- the espresso machine being cleaned in the cafe-restaurant right below us (bang-bang-bang around 6 or 7 am, Monday through Saturday)
- the same evil CD mix of not-so-great American pop classics every single morning from the cafe-restaurant downstairs
- kids running down the stairs on the way to school (8:30 am)
- people going off to work (9 am)
- little jingle-bell keychain of our upstairs neighbor (Leo used to think it was a dog)
- the buzzer to the dentist's office (across from our front door) going off throughout the day

I haven't been practicing opera lately, so the neighbors have been spared of that additional sound.

Wednesday, February 07, 2007

Snow in Paris!

The first (and last?) beautiful, big, luscious snowflakes of the winter fell down for a little over an hour this morning. It was magical! Maylin, John, and Leo got kissed by them during their dog walk.

Sunday, February 04, 2007

An evening out with Maylin

Maylin and I decided to have a girls' night out on Friday before Daddy was going to fly home the next day. I was craving Indian food, but I knew Maylin wouldn't be able to eat any of their spicy dishes besides some basmati rice and naan. So, we went to the chain restaurant, Leon de Bruxelles, for some mussels (Maylin was actually excited to eat them!). Leon de Bruxelles is not a place where you go for fine dining, but if you want a quick meal of moules-frites (mussels and fries) in a kid-friendly atmosphere, Leon's is the place to go. Maylin sat down immediately to a sheet of puzzles and mazes, and some little colored pencils.

Maylin was not swayed by the other choices on the menu (hamburger, fish nuggets), so we both got mussels (mine was Spanish-style, "a la plancha," with some prawns and calamari). I've eaten seafood "a la plancha" in Barcelona, and this wasn't even close, but the tomatoes and garlic they cooked it in were good. Too bad it was too salty towards the end. I warned Maylin not to finish all her fruit juice, which came included with her meal, but she did and was too full to eat many of her mussels, which were simply prepared but very good.

Her ice cream was included with her meal, too, which had a toy figure from Pixar's "Chicken Little" movie ingeniously stored in a separate compartment from the rest of her ice cream in a cup. Maylin was very happy with this toy, and another surprise from the restaurant -- a denim purse with some cute buttons and the restaurant logo. She was overjoyed with the bag and stuffed all her other goodies inside.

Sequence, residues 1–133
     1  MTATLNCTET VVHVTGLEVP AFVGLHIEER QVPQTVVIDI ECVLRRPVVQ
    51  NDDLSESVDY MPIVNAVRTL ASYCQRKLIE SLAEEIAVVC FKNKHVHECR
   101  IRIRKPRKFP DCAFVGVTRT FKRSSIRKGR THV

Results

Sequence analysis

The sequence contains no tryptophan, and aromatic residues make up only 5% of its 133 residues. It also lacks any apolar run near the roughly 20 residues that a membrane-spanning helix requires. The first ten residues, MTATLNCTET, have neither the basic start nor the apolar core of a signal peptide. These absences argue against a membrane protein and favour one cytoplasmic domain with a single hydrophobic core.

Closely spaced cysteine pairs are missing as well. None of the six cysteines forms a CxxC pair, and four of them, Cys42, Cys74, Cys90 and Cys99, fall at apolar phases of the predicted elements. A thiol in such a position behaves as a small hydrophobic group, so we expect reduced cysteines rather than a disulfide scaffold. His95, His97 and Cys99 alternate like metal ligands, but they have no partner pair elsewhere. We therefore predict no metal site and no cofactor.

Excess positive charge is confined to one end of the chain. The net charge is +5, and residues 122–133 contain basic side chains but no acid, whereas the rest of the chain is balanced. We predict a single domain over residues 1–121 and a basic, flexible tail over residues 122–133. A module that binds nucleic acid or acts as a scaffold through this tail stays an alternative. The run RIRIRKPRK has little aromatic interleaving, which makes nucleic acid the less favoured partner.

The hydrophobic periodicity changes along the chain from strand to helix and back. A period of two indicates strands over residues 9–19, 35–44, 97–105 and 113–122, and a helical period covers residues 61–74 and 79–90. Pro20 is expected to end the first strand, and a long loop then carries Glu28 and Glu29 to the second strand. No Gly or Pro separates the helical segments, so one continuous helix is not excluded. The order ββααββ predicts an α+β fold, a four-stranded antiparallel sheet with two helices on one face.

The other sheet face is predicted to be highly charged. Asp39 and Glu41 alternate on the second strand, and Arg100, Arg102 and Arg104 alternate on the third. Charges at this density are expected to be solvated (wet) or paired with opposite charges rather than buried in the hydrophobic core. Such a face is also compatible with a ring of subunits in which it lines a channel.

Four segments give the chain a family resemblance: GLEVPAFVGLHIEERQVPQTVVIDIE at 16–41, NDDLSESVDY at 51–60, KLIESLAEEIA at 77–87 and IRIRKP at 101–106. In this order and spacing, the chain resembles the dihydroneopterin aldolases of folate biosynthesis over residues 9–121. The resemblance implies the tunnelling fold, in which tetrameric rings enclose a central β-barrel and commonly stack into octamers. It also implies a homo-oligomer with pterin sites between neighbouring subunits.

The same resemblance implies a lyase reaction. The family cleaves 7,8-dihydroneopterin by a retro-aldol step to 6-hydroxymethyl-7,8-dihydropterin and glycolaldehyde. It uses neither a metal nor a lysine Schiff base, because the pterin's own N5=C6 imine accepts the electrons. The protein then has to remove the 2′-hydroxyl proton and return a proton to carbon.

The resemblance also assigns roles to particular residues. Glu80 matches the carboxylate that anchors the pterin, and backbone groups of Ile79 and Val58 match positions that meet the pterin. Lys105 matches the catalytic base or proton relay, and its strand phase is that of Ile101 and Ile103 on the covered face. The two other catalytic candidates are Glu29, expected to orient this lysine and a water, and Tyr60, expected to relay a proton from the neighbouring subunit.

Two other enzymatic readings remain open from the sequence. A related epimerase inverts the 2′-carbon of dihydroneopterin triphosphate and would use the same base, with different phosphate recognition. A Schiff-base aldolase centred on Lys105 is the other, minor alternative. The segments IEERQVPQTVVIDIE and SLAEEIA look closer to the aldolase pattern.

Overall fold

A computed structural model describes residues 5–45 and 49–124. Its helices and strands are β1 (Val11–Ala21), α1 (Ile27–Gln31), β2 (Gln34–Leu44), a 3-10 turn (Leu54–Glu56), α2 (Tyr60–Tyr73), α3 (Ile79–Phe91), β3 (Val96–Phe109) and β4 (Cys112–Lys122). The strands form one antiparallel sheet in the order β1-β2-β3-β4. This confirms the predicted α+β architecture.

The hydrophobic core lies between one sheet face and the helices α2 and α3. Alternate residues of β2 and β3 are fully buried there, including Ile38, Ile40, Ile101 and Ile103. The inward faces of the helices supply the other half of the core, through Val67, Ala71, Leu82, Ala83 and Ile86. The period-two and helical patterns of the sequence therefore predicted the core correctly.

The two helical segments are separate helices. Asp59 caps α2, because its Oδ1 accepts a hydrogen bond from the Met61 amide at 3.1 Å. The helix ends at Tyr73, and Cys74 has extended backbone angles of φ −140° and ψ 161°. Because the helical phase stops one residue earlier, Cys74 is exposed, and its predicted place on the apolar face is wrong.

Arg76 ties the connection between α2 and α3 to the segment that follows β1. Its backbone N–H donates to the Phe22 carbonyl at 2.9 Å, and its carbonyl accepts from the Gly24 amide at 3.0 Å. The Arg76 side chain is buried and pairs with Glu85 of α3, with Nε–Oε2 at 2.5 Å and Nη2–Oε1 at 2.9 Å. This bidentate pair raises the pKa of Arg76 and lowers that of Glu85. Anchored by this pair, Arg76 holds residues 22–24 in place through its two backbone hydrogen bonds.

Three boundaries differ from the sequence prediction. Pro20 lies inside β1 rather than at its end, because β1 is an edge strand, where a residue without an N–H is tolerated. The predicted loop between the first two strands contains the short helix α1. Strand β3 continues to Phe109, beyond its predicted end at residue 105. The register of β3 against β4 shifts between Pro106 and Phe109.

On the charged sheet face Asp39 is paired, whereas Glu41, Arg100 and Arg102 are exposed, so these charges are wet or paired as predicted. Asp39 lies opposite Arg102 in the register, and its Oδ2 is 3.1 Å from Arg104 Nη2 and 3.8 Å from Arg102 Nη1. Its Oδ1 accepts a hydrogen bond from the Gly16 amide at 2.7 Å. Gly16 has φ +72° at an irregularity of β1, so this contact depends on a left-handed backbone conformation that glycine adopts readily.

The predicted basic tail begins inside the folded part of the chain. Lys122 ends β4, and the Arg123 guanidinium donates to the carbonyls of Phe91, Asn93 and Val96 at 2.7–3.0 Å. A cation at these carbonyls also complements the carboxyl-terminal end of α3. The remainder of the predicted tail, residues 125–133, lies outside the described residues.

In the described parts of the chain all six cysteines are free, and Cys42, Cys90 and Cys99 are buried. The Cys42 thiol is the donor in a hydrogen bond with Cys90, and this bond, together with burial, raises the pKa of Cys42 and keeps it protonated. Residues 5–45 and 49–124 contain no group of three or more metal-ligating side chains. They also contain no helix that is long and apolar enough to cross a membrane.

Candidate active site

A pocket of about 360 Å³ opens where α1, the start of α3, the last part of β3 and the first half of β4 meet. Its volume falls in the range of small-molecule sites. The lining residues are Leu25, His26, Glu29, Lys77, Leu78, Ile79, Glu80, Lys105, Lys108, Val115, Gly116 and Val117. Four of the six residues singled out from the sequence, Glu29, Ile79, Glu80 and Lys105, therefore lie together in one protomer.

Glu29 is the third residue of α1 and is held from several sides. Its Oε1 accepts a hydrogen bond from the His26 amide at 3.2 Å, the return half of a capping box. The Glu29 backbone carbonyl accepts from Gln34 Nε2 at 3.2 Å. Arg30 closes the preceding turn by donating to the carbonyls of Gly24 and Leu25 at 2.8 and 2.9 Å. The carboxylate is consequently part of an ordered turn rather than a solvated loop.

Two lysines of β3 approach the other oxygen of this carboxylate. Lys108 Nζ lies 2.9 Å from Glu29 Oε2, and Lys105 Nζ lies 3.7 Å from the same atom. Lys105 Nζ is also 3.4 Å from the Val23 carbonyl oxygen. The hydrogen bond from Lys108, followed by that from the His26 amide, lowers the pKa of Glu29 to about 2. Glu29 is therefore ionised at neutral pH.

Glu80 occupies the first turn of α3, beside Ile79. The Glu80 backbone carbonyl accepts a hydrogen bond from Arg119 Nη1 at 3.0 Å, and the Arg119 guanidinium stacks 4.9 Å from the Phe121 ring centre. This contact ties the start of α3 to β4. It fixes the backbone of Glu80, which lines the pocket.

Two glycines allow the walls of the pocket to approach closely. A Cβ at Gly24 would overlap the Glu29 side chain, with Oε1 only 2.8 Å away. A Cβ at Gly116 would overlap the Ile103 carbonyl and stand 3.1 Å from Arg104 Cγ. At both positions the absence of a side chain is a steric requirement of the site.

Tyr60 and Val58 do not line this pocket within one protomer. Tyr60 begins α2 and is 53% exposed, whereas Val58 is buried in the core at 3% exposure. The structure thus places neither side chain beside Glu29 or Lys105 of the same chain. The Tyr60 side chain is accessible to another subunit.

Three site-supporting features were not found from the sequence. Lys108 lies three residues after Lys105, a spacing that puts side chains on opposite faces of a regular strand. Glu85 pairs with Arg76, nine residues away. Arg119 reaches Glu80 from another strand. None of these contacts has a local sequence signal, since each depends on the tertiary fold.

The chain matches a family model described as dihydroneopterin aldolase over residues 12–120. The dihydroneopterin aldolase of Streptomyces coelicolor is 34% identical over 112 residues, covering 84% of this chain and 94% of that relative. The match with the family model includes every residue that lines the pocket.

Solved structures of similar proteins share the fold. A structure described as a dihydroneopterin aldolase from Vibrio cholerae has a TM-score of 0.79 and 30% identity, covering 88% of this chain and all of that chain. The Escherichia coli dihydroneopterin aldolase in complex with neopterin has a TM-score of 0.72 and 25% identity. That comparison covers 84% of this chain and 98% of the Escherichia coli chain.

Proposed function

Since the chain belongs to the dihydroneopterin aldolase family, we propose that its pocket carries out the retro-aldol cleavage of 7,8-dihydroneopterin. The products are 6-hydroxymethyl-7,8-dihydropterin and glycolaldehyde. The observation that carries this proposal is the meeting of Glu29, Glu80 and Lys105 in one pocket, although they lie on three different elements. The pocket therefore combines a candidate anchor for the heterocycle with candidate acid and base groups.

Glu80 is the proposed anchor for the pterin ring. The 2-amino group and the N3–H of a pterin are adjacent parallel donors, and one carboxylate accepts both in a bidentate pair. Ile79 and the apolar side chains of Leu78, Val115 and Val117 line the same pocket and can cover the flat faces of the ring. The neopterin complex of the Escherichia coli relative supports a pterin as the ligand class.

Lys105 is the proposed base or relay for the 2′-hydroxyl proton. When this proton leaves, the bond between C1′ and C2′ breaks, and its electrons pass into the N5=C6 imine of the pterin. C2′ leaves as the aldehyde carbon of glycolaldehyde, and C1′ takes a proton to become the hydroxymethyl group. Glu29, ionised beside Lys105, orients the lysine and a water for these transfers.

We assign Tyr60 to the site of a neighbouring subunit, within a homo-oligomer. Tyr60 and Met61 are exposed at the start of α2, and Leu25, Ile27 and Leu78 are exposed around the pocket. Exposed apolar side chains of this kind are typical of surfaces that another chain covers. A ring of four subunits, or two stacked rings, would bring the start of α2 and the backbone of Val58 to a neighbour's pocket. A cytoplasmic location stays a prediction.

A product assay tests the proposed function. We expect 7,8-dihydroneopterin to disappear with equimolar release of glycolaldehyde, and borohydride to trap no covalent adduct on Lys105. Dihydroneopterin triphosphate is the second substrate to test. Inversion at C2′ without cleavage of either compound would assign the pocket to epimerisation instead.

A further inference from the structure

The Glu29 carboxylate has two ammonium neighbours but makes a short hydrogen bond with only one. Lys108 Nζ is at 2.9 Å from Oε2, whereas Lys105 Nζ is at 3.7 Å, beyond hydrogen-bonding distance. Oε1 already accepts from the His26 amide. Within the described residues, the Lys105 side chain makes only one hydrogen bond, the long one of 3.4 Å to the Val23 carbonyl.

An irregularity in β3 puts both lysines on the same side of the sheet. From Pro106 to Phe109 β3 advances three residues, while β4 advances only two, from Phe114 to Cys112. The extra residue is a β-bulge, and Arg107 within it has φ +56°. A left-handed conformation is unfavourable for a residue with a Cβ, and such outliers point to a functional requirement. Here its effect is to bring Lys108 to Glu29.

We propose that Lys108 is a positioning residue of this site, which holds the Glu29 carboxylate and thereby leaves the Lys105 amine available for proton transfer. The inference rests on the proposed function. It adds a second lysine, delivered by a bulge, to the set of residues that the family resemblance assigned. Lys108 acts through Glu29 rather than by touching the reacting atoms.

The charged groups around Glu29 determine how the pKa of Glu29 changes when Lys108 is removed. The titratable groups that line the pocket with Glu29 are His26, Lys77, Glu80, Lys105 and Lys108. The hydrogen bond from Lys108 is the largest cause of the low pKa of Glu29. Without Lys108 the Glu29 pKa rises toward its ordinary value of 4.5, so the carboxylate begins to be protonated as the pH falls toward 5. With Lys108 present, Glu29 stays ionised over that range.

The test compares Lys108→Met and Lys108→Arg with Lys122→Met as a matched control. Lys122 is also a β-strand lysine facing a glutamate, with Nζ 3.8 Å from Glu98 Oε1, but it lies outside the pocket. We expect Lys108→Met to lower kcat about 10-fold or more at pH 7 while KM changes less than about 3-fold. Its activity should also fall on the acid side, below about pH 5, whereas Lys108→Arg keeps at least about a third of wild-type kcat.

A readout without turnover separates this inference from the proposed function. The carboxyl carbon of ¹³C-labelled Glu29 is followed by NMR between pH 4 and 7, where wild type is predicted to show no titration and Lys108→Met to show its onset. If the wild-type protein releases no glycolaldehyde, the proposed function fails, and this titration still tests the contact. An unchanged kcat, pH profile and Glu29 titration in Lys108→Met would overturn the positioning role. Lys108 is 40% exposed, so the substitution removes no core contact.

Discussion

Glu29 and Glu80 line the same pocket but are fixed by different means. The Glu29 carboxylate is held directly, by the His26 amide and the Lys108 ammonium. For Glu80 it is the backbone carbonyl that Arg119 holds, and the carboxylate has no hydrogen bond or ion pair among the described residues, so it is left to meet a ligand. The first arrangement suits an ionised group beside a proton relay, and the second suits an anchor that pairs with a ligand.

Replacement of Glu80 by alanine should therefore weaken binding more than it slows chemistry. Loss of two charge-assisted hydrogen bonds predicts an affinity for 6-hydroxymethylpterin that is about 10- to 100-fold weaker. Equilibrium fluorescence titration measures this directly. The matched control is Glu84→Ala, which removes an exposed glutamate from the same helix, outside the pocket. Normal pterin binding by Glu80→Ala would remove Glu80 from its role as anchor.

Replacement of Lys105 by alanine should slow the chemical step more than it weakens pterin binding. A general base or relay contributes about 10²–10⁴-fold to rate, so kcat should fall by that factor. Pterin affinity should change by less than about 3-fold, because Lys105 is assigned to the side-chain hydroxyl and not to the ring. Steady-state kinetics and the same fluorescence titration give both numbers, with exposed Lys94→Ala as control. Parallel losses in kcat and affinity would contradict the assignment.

I paid with our "tickets restaurant," our subsidized meal tickets from John's company, so I only had to pay forty cents out of my own pocket and leave a one euro tip (the norm is fifty cents per person since tip is often included in the price of your meal). I felt bad wasting so much food -- I couldn't finish a third of my mussels, and Maylin left most of hers behind. And you really don't want to be doggy-bagging seafood. (People often say that you can't get a doggy bag in France, but I beg to differ. In Asian restaurants, no problem. Just don't ask for one in a classy place.)

Maylin was very content the entire meal and that's all that really mattered to me. We both had a relaxing time. The fun even continued on the way home. Maylin insisted that we sing a small motif from the French musical, Les Desmoiselles de Rochefort (The Young Ladies of Rochefort), with Catherine Deneuve. Over and over again. Until we got home. I had a blast doing it with Maylin, hand in hand. We probably sang that same bit about fifty times. She quite likes to sing now -- so different from those days when she'd beg me to stop singing. I'm so happy she's finally showing some interest in music.

Friday, February 02, 2007

What's happenin'

I've been a bit under the weather lately, but I'm feeling pretty good right at this moment, so I'm going to tell you as much as I can -- because I don't know when I'll be posting next...

- We've survived another week without John, who has been on a business trip to India. Actually, Maylin's at a great age -- she's quite manageable. Leo's been pretty good, too. Although maybe I've been spoiling him too much and now he hovers around the coffee table, where our snacks and dinners usually are residing. He's been smart to hover around Maylin, too, who likes to give him bread crusts and any other goodies she can't finish.